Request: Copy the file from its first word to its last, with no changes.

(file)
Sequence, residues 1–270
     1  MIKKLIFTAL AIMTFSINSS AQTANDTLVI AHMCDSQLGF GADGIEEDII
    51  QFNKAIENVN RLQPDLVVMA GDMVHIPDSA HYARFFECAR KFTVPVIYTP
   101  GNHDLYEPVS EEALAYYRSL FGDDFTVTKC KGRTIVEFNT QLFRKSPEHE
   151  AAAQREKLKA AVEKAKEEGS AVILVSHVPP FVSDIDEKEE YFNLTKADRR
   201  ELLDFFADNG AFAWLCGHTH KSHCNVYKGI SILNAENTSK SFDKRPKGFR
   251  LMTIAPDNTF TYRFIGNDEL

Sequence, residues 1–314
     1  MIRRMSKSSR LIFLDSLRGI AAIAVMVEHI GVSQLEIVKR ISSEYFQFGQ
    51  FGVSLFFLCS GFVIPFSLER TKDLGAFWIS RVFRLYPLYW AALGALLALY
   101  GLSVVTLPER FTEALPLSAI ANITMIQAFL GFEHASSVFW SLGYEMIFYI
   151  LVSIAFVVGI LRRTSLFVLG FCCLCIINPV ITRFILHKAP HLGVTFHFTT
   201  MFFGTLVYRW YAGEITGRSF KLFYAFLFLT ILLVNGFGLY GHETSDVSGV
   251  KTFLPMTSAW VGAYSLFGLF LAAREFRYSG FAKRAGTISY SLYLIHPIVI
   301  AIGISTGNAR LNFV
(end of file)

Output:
Sequence, residues 1–270
     1  MIKKLIFTAL AIMTFSINSS AQTANDTLVI AHMCDSQLGF GADGIEEDII
    51  QFNKAIENVN RLQPDLVVMA GDMVHIPDSA HYARFFECAR KFTVPVIYTP
   101  GNHDLYEPVS EEALAYYRSL FGDDFTVTKC KGRTIVEFNT QLFRKSPEHE
   151  AAAQREKLKA AVEKAKEEGS AVILVSHVPP FVSDIDEKEE YFNLTKADRR
   201  ELLDFFADNG AFAWLCGHTH KSHCNVYKGI SILNAENTSK SFDKRPKGFR
   251  LMTIAPDNTF TYRFIGNDEL

Sequence, residues 1–314
     1  MIRRMSKSSR LIFLDSLRGI AAIAVMVEHI GVSQLEIVKR ISSEYFQFGQ
    51  FGVSLFFLCS GFVIPFSLER TKDLGAFWIS RVFRLYPLYW AALGALLALY
   101  GLSVVTLPER FTEALPLSAI ANITMIQAFL GFEHASSVFW SLGYEMIFYI
   151  LVSIAFVVGI LRRTSLFVLG FCCLCIINPV ITRFILHKAP HLGVTFHFTT
   201  MFFGTLVYRW YAGEITGRSF KLFYAFLFLT ILLVNGFGLY GHETSDVSGV
   251  KTFLPMTSAW VGAYSLFGLF LAAREFRYSG FAKRAGTISY SLYLIHPIVI
   301  AIGISTGNAR LNFV